In the course of life, sometimes, startling and shocking events take place. Some might be close at hand, affecting people we know. Yet we learn how to respond to such tragedies from our sacred Torah, which tells of events happening thousands of years ago, and of responses which are eternally relevant.

In this week’s Torah reading (Leviticus, chapters 9–11) a very unexpected and tragic event is described. At the moment of the final consecration of the Sanctuary, two of Aaron’s sons were killed. Without consulting Moses, they let themselves be overcome by their enthusiasm and had come too close to the infinite power of the divine which was revealed in the Holy of Holies. In effect, they died as a result of their own unbridled ecstasy.

The Torah portion describes how Moses comforted Aaron, and that Aaron accepted what had happened: “And Aaron was silent” (Leviticus 10:3).

The power to be silent at certain moments of life and of history is an important strength. It expresses the awareness that G‑d is infinite, and cannot be encapsulated in our human conceptions of what should take place.

Language, speech, signifies comprehensibility. Melody is beyond language, expressing moods which words cannot describe; and silence is yet higher.

The Talmud tells of a case when Moses himself was told by G‑d to be silent. G‑d showed him in a vision all future generations of the Jewish people, and the leaders of each generation. Moses was greatly impressed by the wisdom of Rabbi Akiva. Then he saw the way the Romans tortured him to death. “Is this the reward of his Torah knowledge?” Moses asked. G‑d answered: “Be silent; thus it arose in My thought.”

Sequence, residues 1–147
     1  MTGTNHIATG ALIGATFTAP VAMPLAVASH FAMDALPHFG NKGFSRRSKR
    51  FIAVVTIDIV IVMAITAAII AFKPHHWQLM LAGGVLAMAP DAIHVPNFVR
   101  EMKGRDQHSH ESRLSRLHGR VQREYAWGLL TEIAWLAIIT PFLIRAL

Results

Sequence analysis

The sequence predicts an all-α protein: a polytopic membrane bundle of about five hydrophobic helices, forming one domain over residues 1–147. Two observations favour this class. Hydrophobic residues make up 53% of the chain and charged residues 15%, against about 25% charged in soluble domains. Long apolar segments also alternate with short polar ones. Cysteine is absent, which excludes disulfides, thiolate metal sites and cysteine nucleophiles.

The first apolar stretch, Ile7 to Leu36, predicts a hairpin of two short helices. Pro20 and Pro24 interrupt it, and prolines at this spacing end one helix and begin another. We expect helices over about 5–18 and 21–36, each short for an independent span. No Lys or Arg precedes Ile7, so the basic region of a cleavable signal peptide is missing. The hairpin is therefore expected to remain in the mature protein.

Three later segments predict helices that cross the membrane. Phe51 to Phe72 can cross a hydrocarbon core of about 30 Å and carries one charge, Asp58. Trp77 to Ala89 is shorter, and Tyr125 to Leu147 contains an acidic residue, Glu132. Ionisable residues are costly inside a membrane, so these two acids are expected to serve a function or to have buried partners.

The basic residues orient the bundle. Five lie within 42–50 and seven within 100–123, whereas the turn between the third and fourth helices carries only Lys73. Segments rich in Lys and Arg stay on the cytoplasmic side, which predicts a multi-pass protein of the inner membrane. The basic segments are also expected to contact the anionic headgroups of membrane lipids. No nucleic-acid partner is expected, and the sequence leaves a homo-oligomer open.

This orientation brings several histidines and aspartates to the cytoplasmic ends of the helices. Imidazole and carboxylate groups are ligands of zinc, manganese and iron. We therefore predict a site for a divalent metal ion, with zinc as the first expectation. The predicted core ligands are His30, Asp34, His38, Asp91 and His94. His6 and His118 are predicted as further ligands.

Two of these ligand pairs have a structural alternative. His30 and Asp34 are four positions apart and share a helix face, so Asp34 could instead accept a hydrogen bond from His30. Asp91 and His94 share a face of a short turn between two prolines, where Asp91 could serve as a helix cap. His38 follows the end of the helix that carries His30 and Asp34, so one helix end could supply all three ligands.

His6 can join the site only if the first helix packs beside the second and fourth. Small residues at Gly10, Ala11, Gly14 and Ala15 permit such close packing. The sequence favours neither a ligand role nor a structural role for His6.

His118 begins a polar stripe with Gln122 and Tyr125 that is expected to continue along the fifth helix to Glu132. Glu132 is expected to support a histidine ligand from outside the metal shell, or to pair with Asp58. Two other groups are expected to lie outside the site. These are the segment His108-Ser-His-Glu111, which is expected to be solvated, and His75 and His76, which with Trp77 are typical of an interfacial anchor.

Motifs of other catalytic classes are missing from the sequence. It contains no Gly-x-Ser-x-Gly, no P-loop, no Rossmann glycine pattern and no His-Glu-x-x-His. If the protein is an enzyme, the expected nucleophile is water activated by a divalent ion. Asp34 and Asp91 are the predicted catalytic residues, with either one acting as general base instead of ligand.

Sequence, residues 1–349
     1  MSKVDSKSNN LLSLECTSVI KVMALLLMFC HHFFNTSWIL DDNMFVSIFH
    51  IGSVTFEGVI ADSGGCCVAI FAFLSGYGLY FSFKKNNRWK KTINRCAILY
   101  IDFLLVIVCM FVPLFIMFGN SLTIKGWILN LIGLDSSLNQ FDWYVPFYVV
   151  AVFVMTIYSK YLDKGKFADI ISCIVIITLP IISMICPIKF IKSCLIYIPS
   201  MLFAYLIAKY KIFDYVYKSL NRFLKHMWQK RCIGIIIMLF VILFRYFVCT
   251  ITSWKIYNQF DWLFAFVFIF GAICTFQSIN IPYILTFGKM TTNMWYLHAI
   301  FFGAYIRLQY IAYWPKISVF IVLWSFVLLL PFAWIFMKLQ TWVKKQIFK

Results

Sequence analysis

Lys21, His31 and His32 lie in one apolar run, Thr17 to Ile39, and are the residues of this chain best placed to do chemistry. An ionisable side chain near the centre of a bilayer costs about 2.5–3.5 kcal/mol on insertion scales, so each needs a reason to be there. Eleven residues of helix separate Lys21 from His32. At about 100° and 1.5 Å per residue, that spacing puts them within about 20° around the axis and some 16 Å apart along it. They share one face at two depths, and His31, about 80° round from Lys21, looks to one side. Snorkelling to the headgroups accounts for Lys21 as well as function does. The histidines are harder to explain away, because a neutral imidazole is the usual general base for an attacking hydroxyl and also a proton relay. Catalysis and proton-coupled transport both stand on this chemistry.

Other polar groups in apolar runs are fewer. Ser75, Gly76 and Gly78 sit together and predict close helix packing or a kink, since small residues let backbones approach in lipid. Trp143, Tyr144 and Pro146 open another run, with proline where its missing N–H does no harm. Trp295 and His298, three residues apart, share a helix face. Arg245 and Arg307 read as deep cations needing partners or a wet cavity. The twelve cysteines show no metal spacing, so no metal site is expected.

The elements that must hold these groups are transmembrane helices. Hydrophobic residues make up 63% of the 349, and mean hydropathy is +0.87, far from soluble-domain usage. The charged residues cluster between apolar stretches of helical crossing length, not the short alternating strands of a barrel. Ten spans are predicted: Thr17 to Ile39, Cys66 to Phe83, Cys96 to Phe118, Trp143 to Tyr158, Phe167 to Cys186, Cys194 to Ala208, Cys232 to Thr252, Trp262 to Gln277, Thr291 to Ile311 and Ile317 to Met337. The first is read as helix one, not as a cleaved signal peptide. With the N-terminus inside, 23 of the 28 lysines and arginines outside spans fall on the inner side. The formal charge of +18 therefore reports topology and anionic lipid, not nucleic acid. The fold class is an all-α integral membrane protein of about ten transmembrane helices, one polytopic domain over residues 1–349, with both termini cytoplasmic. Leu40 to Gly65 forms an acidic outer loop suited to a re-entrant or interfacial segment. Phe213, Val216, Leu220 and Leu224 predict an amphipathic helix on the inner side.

Before the event, assuming that there is some warning, one must do everything possible to prevent tragedy. Once it has happened, though, through our spiritual “silence” we reach a special closeness to the divine. Rashi tells us that because Aaron was silent, he was rewarded by G‑d speaking directly to him later in the Parshah.1

However, this silence is only in terms of our intimate, personal relationship with G‑d. In terms of our practical lives, even the worst and most horrific event is a call to action. It may be a call to do all one can to alleviate the suffering which has been caused. It may be a call to rebuild homes which have been lost. Or it may be a call to “rebuild” in a more spiritual way.

The Jewish people have confronted a physical Holocaust, and also various forms of spiritual damage through intermarriage and assimilation. How do we respond to this? Not through passive silence, however mystical that might be; but with supreme effort, action and joy, through which we try to help every Jew turn towards their Jewish heritage and rebuild Jewish family life and Jewish knowledge, around the globe.

Today, as Jews, we also face onslaught in Israel and elsewhere, through political action, media attacks and also sickening violence. Here, not silence, but the right voice defending Israel’s right to exist is required: to exist healthily, with secure borders.

So we see that in the case of any kind of tragedy, G‑d forbid, there is a time for “silence” like that of Aaron; yet there is also a call to respond, through action, love and determination, and thus to rebuild a shattered world. Through this we too, like Aaron, will merit divine revelation. G‑d will bring the Messiah, rebuild the Temple in Jerusalem, and bring everlasting peace to the world.2